Councillors Mary Jean McFall and Tom Blanchard expressed similar skepticism. The latter, however, was swayed to support by Grant’s assertion the tunnel will be a community resource.

Councillors Jason Baker and Mike Kalivas were willing to support the motion, but warned they will not likely back any further outlay of city funds toward it.

“I will be disappointed if this project ends up escalating,” said Baker.

Mayor David Henderson also acknowledged some hesitation, but said his concern is to get the tunnel open.

Considering the project has languished for decades, the mayor believes supporting the process is the only way to ensure the tunnel will be repaired for public use.

Earle cast the lone dissenting vote and McFall abstained.

The motion city council approved Tuesday commits $75,000 a year to a railway tunnel reserve, for four years starting in 2014. The motion also places the project on the city’s 10-year capital priority list. Early estimates peg the cost of turning the tunnel into a tourist attraction at $1.5 million.

Republished from the Recorder and Times
By Ronald Zajac, Tuesday, March 26, 2013

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Brockville in Canadian Railway Hall of Fame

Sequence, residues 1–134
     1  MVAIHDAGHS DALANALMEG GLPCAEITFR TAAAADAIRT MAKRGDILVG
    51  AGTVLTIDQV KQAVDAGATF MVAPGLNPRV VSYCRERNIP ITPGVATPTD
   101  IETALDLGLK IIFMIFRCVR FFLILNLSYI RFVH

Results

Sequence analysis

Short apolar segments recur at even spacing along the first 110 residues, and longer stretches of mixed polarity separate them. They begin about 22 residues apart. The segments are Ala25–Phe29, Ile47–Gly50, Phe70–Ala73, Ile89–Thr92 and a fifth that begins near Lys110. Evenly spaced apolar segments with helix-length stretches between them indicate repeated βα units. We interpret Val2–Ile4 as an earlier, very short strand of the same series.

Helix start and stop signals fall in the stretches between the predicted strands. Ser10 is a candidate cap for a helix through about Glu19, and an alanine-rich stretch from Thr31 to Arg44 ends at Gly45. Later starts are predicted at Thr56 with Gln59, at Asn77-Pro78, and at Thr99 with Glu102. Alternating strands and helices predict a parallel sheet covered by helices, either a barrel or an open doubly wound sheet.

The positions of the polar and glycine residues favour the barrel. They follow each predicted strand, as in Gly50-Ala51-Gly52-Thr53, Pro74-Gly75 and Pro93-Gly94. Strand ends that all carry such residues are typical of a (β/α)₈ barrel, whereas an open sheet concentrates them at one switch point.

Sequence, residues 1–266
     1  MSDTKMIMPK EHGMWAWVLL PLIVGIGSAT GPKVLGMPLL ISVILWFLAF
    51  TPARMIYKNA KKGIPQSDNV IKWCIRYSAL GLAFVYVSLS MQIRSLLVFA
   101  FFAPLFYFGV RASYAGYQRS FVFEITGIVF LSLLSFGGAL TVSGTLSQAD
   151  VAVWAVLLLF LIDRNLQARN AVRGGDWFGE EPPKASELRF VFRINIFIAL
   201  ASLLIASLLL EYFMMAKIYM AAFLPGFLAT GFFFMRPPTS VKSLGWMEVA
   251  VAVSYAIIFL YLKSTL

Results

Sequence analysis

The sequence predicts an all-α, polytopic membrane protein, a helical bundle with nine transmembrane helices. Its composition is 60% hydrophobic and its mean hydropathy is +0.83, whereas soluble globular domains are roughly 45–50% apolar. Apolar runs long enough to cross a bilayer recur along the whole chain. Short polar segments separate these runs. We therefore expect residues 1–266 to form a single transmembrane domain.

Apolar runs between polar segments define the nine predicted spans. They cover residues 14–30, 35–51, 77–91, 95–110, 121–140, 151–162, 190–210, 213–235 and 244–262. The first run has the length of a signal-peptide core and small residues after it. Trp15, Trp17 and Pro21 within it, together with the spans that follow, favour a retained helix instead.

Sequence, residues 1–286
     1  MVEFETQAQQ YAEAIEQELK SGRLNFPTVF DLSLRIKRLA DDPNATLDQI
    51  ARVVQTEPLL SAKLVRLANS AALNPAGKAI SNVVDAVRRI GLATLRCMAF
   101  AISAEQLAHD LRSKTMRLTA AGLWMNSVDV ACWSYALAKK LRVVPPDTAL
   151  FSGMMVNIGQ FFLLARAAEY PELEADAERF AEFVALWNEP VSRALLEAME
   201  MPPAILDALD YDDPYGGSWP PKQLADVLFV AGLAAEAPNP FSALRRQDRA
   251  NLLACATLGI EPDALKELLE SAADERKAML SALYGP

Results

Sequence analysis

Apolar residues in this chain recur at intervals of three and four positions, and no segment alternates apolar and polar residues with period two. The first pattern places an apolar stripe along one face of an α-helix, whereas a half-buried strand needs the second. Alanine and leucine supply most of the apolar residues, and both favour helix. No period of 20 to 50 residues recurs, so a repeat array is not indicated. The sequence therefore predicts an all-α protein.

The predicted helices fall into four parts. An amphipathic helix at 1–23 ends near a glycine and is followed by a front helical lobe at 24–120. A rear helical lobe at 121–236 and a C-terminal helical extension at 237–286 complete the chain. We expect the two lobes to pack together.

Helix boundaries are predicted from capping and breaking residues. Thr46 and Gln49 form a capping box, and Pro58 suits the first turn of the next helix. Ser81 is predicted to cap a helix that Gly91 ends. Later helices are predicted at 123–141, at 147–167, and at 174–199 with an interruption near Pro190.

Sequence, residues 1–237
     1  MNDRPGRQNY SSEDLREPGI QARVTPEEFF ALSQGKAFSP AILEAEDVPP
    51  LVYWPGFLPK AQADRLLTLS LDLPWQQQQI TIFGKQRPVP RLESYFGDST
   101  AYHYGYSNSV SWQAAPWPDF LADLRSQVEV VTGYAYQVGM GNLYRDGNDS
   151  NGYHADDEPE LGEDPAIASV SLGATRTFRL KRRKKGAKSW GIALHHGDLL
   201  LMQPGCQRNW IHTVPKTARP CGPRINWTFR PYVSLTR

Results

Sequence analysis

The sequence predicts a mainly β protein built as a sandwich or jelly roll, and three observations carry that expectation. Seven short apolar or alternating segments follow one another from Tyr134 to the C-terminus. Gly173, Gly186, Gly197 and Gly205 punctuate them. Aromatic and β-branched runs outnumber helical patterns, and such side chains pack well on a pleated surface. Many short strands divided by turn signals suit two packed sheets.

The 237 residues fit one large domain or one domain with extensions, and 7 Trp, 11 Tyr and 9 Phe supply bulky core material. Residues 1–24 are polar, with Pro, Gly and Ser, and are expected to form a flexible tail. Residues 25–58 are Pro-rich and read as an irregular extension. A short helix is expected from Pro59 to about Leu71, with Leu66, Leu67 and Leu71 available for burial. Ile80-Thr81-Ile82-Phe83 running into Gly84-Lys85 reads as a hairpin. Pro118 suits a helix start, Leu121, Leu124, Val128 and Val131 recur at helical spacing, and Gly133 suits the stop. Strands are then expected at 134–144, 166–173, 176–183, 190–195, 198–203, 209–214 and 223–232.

As Brockville officially joined the Canadian Railway Hall of Fame Tuesday, locals were looking down the line to a revamped railway tunnel and greater tourism success.

“Let’s get on board,” Brian Porter, a local historian and member of the railway tunnel advisory committee said in front of the historic railway tunnel’s south end.

Porter joined other rail tunnel enthusiasts and politicians at a ceremony Tuesday marking Brockville’s induction into the hall of fame, which honours Canadian achievement in the railway industry.

They used the event to boost the railway tunnel advisory committee’s efforts to see the tunnel refurbished and made a tourism attraction.

“We soon hope to see people walking, cycling and riding a train through the tunnel,” said city councillor and committee chairman David LeSueur.

He was referring to the small, rubber-wheeled train the committee would like to see taking tourists through the tunnel and to other downtown attractions.

Brockville has long proclaimed itself home of Canada’s oldest railway tunnel, an underground stretch that runs under city hall from a point three blocks north of the building to Armagh S. Price Park south of it.